Can Jesus Be Bad for Business? … It’s Hump Da,y my friends and I have a devotion that truly does go “over the cliff!” Just the title alone probably has you wondering what I’m up to, right? Who thinks that Jesus can be bad for anything—well, except for that rascally devil and therein lies my story. I have chosen to read the Book of Luke when we arrived this April at the campground…truly I didn’t choose this—it was the work of the Holy Spirit. Who can counter the Spirit’s urging?!
I’m reading it in several translations (fun) and right now I am in Chapter 8—lots of stuff in this long chapter but the one story that gets me is the pigs going off the cliff! Well, here’s the whole story in Luke 8:26-39 from the Message–it gives us a vivid picture of the scene:
They sailed on to the country of the Gerasenes, directly opposite Galilee. As he stepped out onto land, a madman from town met him; he was a victim of demons. He hadn’t worn clothes for a long time, nor lived at home; he lived in the cemetery. When he saw Jesus he screamed, fell before him, and howled, “What business do you have messing with me? You’re Jesus, Son of the High God, but don’t give me a hard time!” (The man said this because Jesus had started to order the unclean spirit out of him.) Time after time the demon threw the man into convulsions. He had been placed under constant guard and tied with chains and shackles, but crazed and driven wild by the demon, he would shatter the bonds.
Jesus asked him, “What is your name?” “Mob. My name is Mob,” he said, because many demons afflicted him. And they begged Jesus desperately not to order them to the bottomless pit. A large herd of pigs was grazing and rooting on a nearby hill. The demons begged Jesus to order them into the pigs. He gave the order. It was even worse for the pigs than for the man. Crazed, they stampeded over a cliff into the lake and drowned.
Those tending the pigs, scared to death, bolted and told their story in town and country. People went out to see what had happened. They came to Jesus and found the man from whom the demons had been sent, sitting there at Jesus’ feet, wearing decent clothes and making sense. It was a holy moment, and for a short time they were more reverent than curious. Then those who had seen it happen told how the demoniac had been saved.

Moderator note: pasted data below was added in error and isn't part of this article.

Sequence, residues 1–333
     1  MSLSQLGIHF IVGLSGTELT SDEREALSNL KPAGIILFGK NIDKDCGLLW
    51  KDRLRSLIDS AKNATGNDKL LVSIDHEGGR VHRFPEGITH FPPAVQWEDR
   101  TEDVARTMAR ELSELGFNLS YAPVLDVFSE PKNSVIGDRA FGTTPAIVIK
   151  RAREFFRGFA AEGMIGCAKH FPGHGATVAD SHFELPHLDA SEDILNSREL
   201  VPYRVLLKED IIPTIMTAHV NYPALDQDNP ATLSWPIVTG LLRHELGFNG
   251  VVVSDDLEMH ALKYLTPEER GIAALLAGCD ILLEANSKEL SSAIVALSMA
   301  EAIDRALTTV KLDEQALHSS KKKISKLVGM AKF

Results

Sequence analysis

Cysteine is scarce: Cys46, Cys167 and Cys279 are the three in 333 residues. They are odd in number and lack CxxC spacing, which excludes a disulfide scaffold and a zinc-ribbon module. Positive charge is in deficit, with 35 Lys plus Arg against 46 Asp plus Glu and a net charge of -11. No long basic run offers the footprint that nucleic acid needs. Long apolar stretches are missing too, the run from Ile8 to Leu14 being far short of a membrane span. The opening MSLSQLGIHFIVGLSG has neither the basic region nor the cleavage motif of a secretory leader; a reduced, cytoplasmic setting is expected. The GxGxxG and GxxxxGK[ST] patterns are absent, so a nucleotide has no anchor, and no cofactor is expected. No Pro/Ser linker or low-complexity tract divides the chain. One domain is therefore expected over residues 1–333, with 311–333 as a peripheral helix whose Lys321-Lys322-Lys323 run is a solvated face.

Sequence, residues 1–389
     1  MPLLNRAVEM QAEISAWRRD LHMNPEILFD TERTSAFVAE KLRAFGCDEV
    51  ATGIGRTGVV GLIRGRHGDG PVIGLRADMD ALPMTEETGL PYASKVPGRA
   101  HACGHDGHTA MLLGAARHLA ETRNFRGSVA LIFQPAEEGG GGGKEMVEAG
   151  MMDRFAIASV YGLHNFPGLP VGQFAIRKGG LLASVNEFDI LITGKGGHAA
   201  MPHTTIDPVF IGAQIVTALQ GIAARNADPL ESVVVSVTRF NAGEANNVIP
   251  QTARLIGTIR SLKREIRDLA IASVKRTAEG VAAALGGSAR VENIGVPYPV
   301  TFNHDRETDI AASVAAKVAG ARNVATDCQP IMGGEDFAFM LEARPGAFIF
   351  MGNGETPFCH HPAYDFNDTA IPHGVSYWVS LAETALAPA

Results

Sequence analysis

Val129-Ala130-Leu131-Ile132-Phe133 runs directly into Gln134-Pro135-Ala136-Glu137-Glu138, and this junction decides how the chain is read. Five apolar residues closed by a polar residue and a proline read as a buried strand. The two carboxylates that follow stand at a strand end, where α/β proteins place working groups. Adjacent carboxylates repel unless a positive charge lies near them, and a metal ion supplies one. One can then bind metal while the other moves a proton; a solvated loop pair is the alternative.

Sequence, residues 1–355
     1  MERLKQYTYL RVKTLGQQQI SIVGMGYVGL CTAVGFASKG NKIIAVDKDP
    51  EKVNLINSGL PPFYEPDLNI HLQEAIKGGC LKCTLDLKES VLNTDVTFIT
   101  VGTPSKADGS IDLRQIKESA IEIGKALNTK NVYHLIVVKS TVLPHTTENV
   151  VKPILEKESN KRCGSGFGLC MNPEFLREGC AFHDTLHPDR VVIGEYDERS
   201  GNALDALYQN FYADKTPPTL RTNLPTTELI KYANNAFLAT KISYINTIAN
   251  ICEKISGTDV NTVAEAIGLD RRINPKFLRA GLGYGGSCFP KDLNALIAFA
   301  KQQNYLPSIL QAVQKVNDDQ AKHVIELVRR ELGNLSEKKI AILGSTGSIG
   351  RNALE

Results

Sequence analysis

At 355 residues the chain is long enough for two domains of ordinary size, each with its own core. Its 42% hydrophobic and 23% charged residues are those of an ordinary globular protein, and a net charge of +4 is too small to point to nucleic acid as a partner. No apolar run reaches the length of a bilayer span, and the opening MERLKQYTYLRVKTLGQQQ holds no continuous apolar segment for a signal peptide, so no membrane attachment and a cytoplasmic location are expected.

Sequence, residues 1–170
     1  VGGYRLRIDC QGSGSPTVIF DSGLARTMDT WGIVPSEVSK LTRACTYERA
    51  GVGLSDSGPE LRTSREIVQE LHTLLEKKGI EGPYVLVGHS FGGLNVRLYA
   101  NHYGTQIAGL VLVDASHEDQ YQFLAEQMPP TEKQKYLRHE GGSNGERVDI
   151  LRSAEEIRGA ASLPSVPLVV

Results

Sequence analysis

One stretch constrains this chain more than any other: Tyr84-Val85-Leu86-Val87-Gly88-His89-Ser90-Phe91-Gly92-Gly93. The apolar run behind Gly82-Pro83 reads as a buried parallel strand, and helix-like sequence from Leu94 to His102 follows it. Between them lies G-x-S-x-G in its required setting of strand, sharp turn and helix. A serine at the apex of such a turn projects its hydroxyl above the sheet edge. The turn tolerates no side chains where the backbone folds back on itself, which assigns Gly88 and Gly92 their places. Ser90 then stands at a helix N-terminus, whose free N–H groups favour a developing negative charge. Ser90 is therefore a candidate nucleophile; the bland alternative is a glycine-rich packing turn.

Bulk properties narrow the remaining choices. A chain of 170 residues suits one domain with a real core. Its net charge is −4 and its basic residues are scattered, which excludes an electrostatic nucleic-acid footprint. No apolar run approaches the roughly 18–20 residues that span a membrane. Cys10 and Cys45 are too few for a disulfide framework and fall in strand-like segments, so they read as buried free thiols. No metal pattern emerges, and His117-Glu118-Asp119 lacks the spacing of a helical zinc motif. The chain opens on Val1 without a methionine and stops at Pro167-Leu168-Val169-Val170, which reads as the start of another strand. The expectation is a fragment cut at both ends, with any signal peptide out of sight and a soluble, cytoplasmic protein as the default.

Later, a great many people from the Gerasene countryside got together and asked Jesus to leave—too much change, too fast, and they were scared. So Jesus got back in the boat and set off. The man whom he had delivered from the demons asked to go with him, but he sent him back, saying, “Go home and tell everything God did in you.” So he went back and preached all over town everything Jesus had done in him.
If you were in this situation, how would you react? Of course, we are not in that man’s shoes are we…but we’ve been there at times in our life of faith. We’ve pleaded to Jesus for healing for all kinds of things; we’ve pleaded to Jesus to get us out of a situation we knew we should have never been in; we’ve begged Jesus to (you fill in your own words, I’m too ashamed to put my down). How has Jesus reacted to our pleas? If we are honest we would admit Jesus is there for us—perhaps not in the way we want but what Jesus knows is the best for us. And again, therein lies the similar story of the pigs going off the cliff!
We wanted the healing but we wanted it our way. The people who witnessed the healing in Luke’s Gospel were much the same. Happy to have this poor man’s torment gone, but not happy to lose their pigs. Perhaps Jesus’ demonstration of God’s power scared them, but it may not have been as much as the power as it was the outcome—healed man, lost revenue. For them, Jesus was definitely NOT good for business!
I like Max Lucado’s take on this miracle: “…apparently, the people who owned the herd of swine were pretty angry, because they made a lot of money off the pigs that the demons went into. Hogs were big business on that side of the lake, and a lot of bacon went over the cliff that day. Jesus was bad for their business, so they didn’t want Him around.” Remember also that even the folks who didn’t own the pigs asked Jesus to go away and Jesus answered them by leaving. Sadly, they lost so much more than they gained that day. And I am still trying to imagine how the healed man thought—to me they cared more about the pigs than the human being!
So the question remains: Is Jesus bad for business? I know Christians who have businesses, some easily share their faith, but many more do not want to mention anything about faith because they may turn someone away—how sad. No matter your choice of careers, if you are not “working for the Lord” why would you expect his blessing? Like Max Lucado’s grandpa taught him: “If you can’t say to the Lord, ‘Hallowed be your name’ over whatever you’re about to do, then don’t do it.” I think that sums it up pretty well, don’t you?